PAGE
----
New York, a famously progressive state whose leaders constantly claim student debt should be wiped out and/or that college should be free, sues students who haven’t paid tuition debt and makes it almost impossible for them to defend themselves.

On his way out the door, former Gov. Andrew Cuomo announced a $125 million debt relief program that would affect at least 50,000 students at New York’s state-run universities. Yet a new report from The New York Times shows that while New York’s leaders publicly tout debt forgiveness and advocate for free tuition, behind the scenes, the state routinely sues students who don’t pay. Not only that, but the state uses “a quirk in the law” to ensure that students must appear before a judge in Albany to defend themselves, a nearly impossible task for many of the state’s in-debt students who are struggling to get by.

The Times told the story of Amanda Belony, who registered for classes but withdrew before they started due to previous health issues and the fact that she could not afford to live in Plattsburgh, New York to graduate. She missed the withdrawal deadline and was charged for classes she didn’t attend, amounting to $3,705. Belony was sued and told she must appear in court at New York’s Supreme Court in Albany, which was a four-hour bus trip from where she lived with her mother. Belony at the time was working 10-hour days and barely earning enough to pay her bills and help her mother with rent. She feared she could not afford to defend herself and travel to Albany, and that she might lose her job trying to do so.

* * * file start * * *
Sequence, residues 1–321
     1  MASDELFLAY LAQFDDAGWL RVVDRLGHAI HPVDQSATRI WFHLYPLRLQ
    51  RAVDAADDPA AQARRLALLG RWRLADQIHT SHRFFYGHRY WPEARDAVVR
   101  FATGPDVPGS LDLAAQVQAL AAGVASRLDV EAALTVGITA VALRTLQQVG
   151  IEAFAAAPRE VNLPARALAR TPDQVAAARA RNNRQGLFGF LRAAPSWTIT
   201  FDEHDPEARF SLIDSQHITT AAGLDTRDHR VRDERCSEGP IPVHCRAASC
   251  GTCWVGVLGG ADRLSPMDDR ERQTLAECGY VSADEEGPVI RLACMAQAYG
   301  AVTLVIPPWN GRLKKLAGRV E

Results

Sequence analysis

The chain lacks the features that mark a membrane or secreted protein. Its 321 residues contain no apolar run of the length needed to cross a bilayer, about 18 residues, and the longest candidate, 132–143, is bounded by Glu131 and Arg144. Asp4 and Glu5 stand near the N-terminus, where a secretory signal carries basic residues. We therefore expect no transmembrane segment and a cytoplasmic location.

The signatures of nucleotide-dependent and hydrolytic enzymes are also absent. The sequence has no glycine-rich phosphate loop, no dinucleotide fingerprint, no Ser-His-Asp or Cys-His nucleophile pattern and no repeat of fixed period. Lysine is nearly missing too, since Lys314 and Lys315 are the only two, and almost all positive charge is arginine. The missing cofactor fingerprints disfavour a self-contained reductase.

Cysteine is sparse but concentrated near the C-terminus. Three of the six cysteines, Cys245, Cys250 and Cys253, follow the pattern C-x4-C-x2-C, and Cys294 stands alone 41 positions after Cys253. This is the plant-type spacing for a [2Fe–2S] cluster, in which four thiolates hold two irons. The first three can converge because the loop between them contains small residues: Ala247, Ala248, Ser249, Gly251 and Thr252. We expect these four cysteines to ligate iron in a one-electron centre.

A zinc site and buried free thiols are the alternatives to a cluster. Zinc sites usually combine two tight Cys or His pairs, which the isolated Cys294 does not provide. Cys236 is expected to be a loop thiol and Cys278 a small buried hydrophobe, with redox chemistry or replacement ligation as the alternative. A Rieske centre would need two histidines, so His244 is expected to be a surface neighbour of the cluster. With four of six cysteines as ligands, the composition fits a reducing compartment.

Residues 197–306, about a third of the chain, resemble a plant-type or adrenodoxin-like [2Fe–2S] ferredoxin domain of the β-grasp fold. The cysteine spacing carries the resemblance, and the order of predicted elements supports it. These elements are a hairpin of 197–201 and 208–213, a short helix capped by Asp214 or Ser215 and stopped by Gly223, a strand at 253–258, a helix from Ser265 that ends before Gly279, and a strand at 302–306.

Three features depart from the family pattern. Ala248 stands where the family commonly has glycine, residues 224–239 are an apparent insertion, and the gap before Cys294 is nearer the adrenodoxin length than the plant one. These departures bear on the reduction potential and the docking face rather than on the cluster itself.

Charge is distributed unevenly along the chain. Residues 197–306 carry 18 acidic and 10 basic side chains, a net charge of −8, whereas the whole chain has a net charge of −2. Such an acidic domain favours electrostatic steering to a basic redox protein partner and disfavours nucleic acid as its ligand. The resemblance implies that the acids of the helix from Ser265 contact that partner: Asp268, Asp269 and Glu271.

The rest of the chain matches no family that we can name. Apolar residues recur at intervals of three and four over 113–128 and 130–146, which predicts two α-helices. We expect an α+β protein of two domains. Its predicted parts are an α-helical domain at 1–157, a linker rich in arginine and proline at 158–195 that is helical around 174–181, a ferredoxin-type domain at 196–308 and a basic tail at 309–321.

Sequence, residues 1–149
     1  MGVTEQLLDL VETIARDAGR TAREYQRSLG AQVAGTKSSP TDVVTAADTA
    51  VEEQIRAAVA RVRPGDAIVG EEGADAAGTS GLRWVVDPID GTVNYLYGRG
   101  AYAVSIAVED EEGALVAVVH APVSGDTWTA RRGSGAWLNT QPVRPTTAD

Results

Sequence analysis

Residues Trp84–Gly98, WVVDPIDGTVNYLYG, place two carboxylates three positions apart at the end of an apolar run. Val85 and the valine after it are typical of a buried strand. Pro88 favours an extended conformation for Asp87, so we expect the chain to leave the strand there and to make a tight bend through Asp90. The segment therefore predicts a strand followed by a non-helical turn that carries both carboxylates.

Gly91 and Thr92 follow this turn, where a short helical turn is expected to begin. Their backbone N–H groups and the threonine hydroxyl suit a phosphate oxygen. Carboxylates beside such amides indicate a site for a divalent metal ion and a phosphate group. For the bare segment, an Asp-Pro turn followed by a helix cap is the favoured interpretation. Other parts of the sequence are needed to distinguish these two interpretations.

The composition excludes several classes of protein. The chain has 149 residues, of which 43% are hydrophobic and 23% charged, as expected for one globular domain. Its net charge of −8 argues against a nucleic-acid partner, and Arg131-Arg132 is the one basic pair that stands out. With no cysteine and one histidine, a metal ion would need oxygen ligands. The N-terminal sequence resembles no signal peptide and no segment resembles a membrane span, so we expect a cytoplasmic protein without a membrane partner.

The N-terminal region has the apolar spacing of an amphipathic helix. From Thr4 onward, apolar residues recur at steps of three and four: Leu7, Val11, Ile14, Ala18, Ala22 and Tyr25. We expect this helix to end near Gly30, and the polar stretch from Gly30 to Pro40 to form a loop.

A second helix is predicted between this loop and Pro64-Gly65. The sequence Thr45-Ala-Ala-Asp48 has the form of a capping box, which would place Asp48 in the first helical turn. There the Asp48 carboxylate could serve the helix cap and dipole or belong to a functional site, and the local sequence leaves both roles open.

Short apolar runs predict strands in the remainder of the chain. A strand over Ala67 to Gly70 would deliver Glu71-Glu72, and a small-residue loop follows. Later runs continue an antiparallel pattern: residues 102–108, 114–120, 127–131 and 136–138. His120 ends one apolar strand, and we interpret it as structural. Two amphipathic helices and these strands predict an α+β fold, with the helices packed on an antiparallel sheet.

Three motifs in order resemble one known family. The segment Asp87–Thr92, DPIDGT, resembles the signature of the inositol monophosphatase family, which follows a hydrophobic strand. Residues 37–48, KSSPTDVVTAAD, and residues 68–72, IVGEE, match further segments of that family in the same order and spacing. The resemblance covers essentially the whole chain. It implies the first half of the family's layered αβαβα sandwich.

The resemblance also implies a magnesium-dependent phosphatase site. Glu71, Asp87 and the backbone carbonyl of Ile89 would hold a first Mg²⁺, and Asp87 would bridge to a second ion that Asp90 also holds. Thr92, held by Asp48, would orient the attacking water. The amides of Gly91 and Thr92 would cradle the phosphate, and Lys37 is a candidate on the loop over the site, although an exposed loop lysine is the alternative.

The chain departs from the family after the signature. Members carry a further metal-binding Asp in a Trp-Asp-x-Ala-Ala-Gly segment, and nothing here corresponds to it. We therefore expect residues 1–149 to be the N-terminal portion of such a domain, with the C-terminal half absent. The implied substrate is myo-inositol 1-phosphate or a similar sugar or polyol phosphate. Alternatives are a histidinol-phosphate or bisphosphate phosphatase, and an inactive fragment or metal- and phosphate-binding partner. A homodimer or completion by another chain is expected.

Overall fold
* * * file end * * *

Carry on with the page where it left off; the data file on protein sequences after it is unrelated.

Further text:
“Ms. Belony is one of close to 16,000 SUNY students taken to court by the state since 2013. Under a little-known state regulation, New York’s attorney general is allowed to sue students if a state public university claims they owe tuition — or overdue library fines or unpaid parking tickets,” the Times reported. “Unlike almost all regulations governing the collection of debt, a quirk in the law allows the attorney general’s office to file suit in these cases exclusively in State Supreme Court in Albany, regardless of where the student lives or attended college. If a student from SUNY Buffalo, for example, which is 300 miles from Albany, doesn’t show up in court, a judge will rule in the state’s favor and declare the student in default. The student’s wages could be garnished or tax refund withheld.”

Multiple attorneys told the Times that most of the cases end up finding the student in default because they can’t travel to Albany to defend themselves. As the Times noted, New York State Attorney Letitia James has spoken out about tuition debt even as her office continues to target students the way it does. When asked about the discrepancy, she told the Times she has “a legal obligation to collect student debt.”

She didn’t tell the outlet why her office filed so many lawsuits, but said it was working to change how student debt is collected. Just before the Times’ story was published, she sent a letter to state legislators asking for the system to be changed.

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